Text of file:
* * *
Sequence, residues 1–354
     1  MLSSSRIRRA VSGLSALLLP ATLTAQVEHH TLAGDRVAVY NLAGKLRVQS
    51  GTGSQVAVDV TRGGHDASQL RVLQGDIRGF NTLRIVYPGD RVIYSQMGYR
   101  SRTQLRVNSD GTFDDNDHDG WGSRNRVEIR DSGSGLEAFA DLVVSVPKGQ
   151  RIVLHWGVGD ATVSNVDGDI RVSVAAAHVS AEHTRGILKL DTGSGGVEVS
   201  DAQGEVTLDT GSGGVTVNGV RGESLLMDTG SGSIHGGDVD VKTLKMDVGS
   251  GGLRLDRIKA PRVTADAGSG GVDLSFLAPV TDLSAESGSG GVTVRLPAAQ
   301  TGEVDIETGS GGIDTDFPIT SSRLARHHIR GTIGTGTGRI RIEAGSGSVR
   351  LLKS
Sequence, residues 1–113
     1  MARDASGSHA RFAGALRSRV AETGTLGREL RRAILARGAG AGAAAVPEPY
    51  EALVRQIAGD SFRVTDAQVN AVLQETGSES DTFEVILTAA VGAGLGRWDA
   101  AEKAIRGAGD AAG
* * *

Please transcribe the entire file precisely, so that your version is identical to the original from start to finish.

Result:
Sequence, residues 1–354
     1  MLSSSRIRRA VSGLSALLLP ATLTAQVEHH TLAGDRVAVY NLAGKLRVQS
    51  GTGSQVAVDV TRGGHDASQL RVLQGDIRGF NTLRIVYPGD RVIYSQMGYR
   101  SRTQLRVNSD GTFDDNDHDG WGSRNRVEIR DSGSGLEAFA DLVVSVPKGQ
   151  RIVLHWGVGD ATVSNVDGDI RVSVAAAHVS AEHTRGILKL DTGSGGVEVS
   201  DAQGEVTLDT GSGGVTVNGV RGESLLMDTG SGSIHGGDVD VKTLKMDVGS
   251  GGLRLDRIKA PRVTADAGSG GVDLSFLAPV TDLSAESGSG GVTVRLPAAQ
   301  TGEVDIETGS GGIDTDFPIT SSRLARHHIR GTIGTGTGRI RIEAGSGSVR
   351  LLKS
Sequence, residues 1–113
     1  MARDASGSHA RFAGALRSRV AETGTLGREL RRAILARGAG AGAAAVPEPY
    51  EALVRQIAGD SFRVTDAQVN AVLQETGSES DTFEVILTAA VGAGLGRWDA
   101  AEKAIRGAGD AAG